coleridge

More recently, the American author David Foster Wallace (1962-2008) was renowned for marking up books in his library. For example, here is an image from his copy of Don Delillo’s Ratner’s Star (click on image to make it larger):

Wallace_Books_DeLillo_004_large

Today, of course, more and more of our (formerly print) documents are in digitized formats…narratives, essays, electronics books and journals, lab reports, legal briefs, play scripts, musical scores, computer code, diagrams, drawings, sketches, photographs, maps, etc. And of course there are increasing amounts of digitized audio and video material.

So the question is, are there ways to annotate these digitized documents in a way analogous to the marking up of books and manuscripts in the past? Can we make digital annotations in the context of the original document, using multiple forms of media, to which other readers, listeners. or viewers can respond, thus creating a dialogue or conversation? What we want is an arrangement in which the original content remains in the center of the online space, and comments, notes, and questions are connected to it at specific points…particular words, phrases, or sentences in a text, regions of an image, and timelines and frames of audio and video files. And this space should be a collaborative space in which scholars and students interact with one another’s annotations in the context of the original document.

The concept of collaborative annotation was actually part of the origin of the World Wide Web. Marc Andreessen, co-developer of Mosaic, the first graphical web browser, recently recalled what he was thinking back in the early ’90s:

Only a handful of people know that the big missing feature from the web browser – the feature that was supposed to be in from the start but didn’t make it – is the ability to annotate any page on the Internet with commentary and additional information.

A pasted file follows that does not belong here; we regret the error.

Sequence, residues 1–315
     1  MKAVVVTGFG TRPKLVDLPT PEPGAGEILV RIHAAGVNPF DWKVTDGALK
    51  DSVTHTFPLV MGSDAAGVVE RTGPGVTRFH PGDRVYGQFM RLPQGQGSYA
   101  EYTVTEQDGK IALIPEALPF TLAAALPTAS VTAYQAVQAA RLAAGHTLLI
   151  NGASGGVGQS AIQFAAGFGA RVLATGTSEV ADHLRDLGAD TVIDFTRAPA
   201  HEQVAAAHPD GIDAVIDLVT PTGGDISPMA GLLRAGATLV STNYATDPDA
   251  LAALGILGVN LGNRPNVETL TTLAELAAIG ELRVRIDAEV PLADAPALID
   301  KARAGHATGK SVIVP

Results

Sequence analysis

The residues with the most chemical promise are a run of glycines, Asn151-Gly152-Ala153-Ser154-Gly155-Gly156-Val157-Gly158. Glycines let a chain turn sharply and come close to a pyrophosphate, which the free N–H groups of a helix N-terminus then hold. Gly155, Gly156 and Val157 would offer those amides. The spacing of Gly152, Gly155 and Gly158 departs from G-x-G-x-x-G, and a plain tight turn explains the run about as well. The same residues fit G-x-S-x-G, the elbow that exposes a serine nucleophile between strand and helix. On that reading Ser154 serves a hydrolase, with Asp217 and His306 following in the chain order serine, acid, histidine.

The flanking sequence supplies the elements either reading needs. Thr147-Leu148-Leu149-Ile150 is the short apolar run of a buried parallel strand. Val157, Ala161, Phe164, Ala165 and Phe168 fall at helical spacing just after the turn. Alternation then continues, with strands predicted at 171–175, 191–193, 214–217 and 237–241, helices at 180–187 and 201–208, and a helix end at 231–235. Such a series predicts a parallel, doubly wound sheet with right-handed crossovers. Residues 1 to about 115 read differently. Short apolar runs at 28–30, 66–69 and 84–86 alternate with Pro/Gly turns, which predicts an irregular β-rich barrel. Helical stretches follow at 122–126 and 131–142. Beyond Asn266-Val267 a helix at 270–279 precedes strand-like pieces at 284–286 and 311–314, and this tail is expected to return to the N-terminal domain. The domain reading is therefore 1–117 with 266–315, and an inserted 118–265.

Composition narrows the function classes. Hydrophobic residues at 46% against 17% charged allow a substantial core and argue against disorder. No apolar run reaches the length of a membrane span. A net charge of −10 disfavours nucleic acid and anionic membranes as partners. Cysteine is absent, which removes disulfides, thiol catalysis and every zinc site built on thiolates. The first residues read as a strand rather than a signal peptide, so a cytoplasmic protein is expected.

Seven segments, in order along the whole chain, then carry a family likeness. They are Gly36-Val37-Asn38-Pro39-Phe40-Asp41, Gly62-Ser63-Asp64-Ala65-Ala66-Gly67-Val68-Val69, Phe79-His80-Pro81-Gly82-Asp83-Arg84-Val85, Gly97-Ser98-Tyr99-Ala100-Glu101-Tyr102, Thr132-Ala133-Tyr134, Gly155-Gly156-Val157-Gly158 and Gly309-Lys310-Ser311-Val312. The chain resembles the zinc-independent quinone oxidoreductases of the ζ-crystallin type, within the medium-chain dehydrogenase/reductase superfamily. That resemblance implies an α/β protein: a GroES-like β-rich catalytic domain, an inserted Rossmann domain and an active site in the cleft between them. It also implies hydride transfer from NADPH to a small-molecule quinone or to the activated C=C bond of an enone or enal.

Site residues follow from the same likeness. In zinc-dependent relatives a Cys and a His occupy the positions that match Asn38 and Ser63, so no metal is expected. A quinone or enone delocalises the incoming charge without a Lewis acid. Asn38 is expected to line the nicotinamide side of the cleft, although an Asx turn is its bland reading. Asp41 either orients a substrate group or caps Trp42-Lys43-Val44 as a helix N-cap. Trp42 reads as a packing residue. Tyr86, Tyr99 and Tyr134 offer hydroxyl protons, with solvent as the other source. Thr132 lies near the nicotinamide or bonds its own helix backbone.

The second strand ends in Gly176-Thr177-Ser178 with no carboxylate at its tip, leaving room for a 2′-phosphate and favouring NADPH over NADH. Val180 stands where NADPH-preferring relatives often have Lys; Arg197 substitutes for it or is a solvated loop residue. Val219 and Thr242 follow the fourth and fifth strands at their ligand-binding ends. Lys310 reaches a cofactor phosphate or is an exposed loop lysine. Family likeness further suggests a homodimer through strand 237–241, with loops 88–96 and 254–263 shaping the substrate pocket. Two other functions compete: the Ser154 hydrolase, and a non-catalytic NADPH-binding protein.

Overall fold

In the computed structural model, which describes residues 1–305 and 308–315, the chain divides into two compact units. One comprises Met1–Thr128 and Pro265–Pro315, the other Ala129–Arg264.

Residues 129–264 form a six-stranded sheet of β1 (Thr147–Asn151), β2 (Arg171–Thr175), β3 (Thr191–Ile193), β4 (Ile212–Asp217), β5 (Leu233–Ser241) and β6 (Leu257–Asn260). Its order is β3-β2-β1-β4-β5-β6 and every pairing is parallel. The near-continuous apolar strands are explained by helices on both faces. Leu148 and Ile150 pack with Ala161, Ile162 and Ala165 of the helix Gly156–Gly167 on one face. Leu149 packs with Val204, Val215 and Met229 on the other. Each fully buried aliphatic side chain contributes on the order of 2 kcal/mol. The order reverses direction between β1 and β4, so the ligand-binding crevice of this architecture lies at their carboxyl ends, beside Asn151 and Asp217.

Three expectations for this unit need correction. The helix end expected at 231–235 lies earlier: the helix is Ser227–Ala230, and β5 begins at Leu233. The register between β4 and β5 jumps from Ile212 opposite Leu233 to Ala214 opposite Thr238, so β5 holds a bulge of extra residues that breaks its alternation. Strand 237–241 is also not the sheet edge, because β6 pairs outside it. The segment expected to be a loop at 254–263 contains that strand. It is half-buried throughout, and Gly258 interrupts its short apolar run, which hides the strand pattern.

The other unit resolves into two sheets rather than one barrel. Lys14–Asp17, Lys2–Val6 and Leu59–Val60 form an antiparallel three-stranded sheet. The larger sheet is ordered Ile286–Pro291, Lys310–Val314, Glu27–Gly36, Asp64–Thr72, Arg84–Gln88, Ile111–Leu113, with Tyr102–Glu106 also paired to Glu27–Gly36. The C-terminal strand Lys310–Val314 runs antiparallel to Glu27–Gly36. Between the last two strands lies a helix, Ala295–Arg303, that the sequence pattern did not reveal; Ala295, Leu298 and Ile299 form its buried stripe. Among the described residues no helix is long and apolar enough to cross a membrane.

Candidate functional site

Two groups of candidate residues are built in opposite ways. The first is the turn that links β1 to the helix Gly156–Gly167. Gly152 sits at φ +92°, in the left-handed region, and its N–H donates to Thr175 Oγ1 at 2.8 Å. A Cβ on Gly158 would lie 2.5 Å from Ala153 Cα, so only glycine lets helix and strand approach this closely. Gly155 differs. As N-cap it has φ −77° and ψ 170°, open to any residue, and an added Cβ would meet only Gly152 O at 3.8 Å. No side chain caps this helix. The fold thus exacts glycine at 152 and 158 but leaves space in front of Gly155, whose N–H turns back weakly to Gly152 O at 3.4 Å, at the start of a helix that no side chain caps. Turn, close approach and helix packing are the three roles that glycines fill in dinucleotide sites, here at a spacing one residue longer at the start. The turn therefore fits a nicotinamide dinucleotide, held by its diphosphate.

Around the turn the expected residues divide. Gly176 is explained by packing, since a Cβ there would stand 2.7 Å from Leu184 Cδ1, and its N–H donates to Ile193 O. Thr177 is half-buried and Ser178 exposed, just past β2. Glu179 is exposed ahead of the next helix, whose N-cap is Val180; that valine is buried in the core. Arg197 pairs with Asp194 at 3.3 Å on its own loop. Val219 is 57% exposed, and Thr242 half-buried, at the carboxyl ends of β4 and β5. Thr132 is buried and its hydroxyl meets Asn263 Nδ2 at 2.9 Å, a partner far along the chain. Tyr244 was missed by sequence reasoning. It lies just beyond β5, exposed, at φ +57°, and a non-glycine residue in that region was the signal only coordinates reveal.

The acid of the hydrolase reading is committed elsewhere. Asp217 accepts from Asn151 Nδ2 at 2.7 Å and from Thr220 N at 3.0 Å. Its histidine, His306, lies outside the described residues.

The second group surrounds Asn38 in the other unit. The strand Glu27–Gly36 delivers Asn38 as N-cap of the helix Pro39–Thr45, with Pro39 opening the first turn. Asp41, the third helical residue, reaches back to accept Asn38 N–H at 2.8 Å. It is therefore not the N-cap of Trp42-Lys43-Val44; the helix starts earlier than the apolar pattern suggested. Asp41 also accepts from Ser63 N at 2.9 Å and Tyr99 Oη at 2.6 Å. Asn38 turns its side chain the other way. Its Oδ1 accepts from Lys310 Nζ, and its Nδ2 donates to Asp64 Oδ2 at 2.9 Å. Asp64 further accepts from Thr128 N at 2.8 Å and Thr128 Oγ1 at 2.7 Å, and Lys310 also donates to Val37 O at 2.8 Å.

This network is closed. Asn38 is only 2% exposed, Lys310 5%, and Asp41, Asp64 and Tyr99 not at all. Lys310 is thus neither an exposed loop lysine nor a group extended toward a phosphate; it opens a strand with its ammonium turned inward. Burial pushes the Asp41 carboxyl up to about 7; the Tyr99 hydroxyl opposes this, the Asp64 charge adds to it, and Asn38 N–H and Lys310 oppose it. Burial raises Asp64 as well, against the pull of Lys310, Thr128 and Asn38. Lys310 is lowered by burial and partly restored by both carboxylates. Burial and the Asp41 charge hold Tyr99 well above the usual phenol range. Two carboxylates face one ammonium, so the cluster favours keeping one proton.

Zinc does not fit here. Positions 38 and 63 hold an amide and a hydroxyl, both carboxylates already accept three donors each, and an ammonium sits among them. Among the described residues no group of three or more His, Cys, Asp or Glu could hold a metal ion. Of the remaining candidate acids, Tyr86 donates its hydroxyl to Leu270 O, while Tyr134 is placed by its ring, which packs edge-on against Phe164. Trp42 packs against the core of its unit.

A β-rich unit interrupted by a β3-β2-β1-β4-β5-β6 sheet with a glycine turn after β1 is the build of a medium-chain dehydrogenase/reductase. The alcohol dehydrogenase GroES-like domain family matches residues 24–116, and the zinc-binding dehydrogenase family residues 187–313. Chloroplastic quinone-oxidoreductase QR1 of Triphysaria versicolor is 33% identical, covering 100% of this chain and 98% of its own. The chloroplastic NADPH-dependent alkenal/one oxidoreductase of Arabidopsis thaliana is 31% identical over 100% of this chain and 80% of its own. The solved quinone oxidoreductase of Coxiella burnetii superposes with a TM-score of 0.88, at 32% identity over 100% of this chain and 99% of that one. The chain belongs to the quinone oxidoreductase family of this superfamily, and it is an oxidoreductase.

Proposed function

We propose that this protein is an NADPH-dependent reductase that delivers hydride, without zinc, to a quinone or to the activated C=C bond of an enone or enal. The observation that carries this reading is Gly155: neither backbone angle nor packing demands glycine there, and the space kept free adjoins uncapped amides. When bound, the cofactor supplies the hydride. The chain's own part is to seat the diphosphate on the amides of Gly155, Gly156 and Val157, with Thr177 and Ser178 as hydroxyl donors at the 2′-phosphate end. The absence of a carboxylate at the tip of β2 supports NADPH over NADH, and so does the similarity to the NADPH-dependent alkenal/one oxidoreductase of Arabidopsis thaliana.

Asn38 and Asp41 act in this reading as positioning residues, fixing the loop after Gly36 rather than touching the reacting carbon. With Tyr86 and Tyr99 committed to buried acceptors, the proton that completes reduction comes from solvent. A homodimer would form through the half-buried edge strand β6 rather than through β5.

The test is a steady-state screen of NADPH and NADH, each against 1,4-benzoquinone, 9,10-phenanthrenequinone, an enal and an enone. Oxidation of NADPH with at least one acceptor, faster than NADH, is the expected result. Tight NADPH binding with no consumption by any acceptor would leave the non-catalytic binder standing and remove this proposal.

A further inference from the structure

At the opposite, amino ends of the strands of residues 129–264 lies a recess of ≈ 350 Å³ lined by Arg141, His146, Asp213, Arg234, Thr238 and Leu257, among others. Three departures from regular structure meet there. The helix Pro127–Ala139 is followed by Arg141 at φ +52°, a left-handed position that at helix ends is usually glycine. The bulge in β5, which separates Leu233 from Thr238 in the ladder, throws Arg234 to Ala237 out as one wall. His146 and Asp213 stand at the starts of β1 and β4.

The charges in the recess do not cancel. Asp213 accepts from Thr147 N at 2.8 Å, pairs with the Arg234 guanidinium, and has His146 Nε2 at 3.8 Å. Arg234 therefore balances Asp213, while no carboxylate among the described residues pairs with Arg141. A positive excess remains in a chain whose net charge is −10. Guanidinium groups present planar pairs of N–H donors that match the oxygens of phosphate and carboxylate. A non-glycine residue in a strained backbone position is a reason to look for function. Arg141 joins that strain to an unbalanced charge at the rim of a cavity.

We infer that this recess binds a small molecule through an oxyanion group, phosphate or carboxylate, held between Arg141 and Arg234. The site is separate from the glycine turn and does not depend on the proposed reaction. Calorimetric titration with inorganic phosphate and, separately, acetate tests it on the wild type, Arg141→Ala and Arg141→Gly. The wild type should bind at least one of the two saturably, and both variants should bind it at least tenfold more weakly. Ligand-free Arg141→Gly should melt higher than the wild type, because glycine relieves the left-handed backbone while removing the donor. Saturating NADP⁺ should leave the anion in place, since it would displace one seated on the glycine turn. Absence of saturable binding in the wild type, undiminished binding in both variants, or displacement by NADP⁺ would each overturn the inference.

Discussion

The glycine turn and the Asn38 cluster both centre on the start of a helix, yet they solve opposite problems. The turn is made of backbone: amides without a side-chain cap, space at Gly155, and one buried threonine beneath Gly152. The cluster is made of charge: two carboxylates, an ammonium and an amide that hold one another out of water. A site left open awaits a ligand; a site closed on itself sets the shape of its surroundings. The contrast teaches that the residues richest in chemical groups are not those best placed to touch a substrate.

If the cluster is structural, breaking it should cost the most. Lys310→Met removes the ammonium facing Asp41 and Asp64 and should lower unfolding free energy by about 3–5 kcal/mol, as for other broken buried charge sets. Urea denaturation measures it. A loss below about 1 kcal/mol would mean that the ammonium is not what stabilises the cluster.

Back in 1993, when Eric Bina and I were first building Mosaic, it seemed obvious to us that users would want to annotate all text on the web – our idea was that each web page would be a launchpad for insight and debate about its own contents. So we built a feature called “group annotations” right into the browser – and it worked great – all users could comment on any page and discussions quickly ensued. Unfortunately, our implementation at that time required a server to host all the annotations, and we didn’t have the time to properly build that server, which would obviously have had to scale to enormous size. And so we dropped the entire feature.

I often wonder how the Internet would have turned out differently if users had been able to annotate everything – to add new layers of knowledge to all knowledge, on and on, ad infinitum.

And Larry Page, the co-founder of Google, reflected back on the origin of the PageRank algorithm, the heart of Google’s search engine:

It wasn’t that we intended to build a search engine. We built a ranking system to deal with annotations. We wanted to annotate the web – build a system so that after you’d viewed a page you could click and see what smart comments other people had about it. But how do you decide who gets to annotate Yahoo? We needed to figure out how to choose which annotations people should look at, which meant that we needed to figure out which other sites contained comments we should classify as authoritative. Hence PageRank.

Only later did we realize that PageRank was much more useful for search than for annotation…

Over the last two decades, any number of annotation tools and platforms have been developed to try to realize this earlier vision of Andreessen and Page, with somewhat limited success. Projects such as Annotations at Harvard and the Hyperstudio Digital Humanities Lab at MIT are working to develop tools and standards for use in scholarly annotation projects. Some of the tools we have recommended and/or are looking at include: